How to respond to lower interest rates?

30-03-15 10:00 | Markets and investments | Fredrik Wilander

Investors increasingly feel the challenges that come with low interest rates. The exceptionally low short and longer-duration interest rates most likely have resulted in lower expected future returns from fixed income (the only plausible outcome unless one expects interest rates to continue to drop from these levels). And, not only have interest rates dropped, but it is increasingly likely they will stay low for longer before they eventually will start to rise, at least in Europe.

Low for longer

Why does it matter for expected fixed income returns when interest rates will rise? Let’s say an investor wants to estimate expected annual money market and government bond returns over the coming 10 or 20 years and consider two scenarios:

A parallel upward yield curve shift in year 1, and then no changes in yields for the remaining years.

Stable low yields for all but the last year, and then the same parallel yield curve shift as in 1) only now it is happening at the very end of the period.

Average annual returns from both money market and government bonds will be higher in 1). Money market returns will be higher since the average short rate is higher in the first scenario. Government bond returns will also be higher in 1). Although an investor in scenario 1 takes an early capital loss from yields rising, after that the investor enjoys many years of higher bond yields. In the second scenario the investor gets the same capital loss albeit at the end of the period, but no higher running yields to compensate.

So, the the depressed levels of yields, coupled with the realization that yields may stay low for a long time, have likely resulted in substantially lower expectations on fixed income returns. What does that imply for portfolio management/asset allocation?

Portfolio effects from lower return expectations

If we consider ourselves to be in a Markowitz world, a lower expected return on fixed income asset classes would result in the efficient frontier shifting down (assume that asset class volatilities and correlations are unchanged).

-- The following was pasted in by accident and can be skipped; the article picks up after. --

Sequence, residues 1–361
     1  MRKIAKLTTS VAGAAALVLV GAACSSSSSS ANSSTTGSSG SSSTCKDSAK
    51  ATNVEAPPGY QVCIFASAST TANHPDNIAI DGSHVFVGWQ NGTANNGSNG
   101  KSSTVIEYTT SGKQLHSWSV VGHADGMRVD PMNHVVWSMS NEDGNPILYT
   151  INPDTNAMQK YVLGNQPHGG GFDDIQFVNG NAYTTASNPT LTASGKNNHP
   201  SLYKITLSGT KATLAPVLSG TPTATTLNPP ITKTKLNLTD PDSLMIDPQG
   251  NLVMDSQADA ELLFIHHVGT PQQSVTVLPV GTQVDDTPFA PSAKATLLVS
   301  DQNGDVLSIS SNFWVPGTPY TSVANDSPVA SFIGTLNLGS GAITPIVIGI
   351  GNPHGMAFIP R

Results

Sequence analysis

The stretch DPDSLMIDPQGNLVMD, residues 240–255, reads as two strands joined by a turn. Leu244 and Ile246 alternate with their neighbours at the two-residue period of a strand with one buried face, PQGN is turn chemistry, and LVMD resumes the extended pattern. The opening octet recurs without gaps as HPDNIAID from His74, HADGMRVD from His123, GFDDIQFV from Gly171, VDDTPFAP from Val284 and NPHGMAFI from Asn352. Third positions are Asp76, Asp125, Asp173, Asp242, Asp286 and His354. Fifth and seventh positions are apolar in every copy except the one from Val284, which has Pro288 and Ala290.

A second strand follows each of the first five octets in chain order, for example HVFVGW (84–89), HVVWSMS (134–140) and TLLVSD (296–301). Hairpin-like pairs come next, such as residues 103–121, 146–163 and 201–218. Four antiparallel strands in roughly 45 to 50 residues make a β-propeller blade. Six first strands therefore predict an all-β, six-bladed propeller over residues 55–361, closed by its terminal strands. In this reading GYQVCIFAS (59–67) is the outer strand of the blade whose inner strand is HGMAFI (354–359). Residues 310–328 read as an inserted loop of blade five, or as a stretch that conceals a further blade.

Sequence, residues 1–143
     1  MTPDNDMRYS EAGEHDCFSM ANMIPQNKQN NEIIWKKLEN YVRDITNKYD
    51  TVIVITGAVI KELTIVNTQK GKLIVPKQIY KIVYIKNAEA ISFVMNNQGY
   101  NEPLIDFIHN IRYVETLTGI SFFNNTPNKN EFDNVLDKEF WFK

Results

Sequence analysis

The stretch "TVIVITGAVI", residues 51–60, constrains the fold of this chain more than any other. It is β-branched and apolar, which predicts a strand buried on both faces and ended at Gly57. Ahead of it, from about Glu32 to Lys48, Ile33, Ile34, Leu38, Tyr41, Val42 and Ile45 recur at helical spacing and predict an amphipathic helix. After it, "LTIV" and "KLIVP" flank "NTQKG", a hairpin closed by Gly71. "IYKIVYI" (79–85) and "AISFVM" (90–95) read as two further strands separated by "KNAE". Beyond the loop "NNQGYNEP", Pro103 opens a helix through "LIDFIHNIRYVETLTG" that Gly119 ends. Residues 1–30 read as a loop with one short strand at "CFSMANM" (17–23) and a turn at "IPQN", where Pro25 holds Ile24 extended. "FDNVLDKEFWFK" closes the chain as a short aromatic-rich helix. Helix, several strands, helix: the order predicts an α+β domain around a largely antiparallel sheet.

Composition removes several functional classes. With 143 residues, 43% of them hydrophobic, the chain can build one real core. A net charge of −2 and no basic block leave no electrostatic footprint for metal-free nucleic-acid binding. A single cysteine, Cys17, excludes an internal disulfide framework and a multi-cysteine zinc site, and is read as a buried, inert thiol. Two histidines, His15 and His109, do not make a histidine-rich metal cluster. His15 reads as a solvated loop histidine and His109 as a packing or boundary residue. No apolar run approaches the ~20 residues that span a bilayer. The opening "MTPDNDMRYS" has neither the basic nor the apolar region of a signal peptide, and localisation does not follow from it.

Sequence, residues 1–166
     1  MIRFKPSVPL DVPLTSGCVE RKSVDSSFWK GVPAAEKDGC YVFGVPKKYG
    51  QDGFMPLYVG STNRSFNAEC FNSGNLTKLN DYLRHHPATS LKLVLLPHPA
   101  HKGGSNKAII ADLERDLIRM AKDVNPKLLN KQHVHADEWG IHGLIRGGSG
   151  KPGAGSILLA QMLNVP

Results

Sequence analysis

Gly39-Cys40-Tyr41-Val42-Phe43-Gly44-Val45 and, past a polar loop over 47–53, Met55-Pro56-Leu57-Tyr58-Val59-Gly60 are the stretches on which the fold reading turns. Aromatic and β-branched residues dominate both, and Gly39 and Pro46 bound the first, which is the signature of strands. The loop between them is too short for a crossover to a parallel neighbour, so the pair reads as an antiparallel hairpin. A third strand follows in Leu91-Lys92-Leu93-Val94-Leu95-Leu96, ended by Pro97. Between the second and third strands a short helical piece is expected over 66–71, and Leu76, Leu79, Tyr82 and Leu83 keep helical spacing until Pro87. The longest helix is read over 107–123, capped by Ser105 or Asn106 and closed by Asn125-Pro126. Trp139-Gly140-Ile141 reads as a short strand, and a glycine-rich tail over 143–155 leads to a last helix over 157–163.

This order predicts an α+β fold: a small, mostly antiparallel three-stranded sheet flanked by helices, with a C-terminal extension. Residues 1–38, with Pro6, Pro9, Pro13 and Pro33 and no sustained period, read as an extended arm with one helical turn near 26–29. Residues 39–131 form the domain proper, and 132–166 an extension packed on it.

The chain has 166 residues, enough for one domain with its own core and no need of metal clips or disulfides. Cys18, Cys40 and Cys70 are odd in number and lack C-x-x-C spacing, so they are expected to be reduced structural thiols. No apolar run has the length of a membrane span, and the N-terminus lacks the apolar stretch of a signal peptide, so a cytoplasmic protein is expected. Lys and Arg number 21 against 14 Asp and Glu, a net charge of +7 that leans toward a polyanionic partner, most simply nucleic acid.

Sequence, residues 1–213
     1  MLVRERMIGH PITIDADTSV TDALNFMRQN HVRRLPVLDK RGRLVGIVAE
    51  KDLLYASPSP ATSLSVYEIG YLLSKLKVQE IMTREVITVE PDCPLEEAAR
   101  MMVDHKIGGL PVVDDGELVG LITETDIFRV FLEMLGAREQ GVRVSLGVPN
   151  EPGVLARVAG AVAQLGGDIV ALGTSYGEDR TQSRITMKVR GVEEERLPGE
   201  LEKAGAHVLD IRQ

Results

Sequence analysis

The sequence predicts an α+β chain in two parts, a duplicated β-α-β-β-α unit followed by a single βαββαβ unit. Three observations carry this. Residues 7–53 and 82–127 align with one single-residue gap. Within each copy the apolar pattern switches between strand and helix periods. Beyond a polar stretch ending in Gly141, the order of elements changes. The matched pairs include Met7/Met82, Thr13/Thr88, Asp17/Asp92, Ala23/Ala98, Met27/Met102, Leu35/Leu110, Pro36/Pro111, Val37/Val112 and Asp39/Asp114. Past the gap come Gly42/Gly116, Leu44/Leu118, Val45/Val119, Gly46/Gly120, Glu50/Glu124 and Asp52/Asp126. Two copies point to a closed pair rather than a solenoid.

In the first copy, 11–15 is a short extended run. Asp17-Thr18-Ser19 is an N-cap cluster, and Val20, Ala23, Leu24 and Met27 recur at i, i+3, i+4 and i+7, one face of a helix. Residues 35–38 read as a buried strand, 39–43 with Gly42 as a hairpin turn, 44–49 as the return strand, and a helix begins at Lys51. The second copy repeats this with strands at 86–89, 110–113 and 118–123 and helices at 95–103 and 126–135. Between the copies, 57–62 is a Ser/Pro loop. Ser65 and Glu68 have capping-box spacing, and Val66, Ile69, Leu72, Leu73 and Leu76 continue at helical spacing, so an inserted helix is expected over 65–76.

How could an investor potentially react to this? Essentially there are three options:

1. Keep the current asset allocation: This would result in a lower expected portfolio return (since the expected return on some of the asset classes have fallen, and the portfolio return is just a weighted average of asset class returns). With unchanged volatilities and correlations, portfolio volatility will be unchanged. However, downside risk as measured by Value at Risk (VaR) will become more negative (worse for the investor). VaR measures the worst expected outcome over a given horizon with a given confidence level. It depends positively on expected return and negatively on volatility. A lower expected return all else equals thus worsens VaR.

2. Keep the currenct VaR: An alternative for the investor is to try to preserve the VaR. Given that the expected return on the portfolio has fallen, to achieve unchanged VaR, portfolio volatility must also fall. With unchanged volatilities and correlations, the only way for this to happen is to change portfolio allocations by selling high risk assets and buying low risk assets. Very likely this means selling equities and buying fixed income. This alternative thus preserves VaR, reduces portfolio volatility, but ultimately leads to a larger drop in expected return than in 1).

3. Keep the current expected return: As we saw in 1), with unchanged allocations the expected portfolio return will fall. One way to compensate for this is to change the asset allocation mix in the opposite way from 2) by adding higher expected return assets such as equities, and selling lower expected return assets which is likely to be fixed income. The drawback of this is naturally that portfolio volatility will rise and Value at Risk become more negative, most likely more negative than in 1).

No right answer

Which of the alternatives should an investor choose? Unfortunately there is not one correct answer. It depends on what the investment goals are and especially what parameter is driving portfolio construction (a target return, a risk budget, a preference for stable allocations etc.). What is important is to have an informed view on how the low yield environment affect asset class expected returns and risks, and how this in turn impacts the portfolio return and risk metrics.

For investors already holding well-diversified portfolios of domestic and international equities, and fixed income investments of varying credit and interest rate risk, it might very well that not changing allocations but rather moderating the expectations for future returns, is the most suitable option. Another important point is that interest rates are not low everywhere. For a European investor, diversifying also into international fixed income can increase the return potential and mitigate the effect of ultra-low domestic interest rates and partly offset the associated downward shift in the expected return/risk-possibility space.

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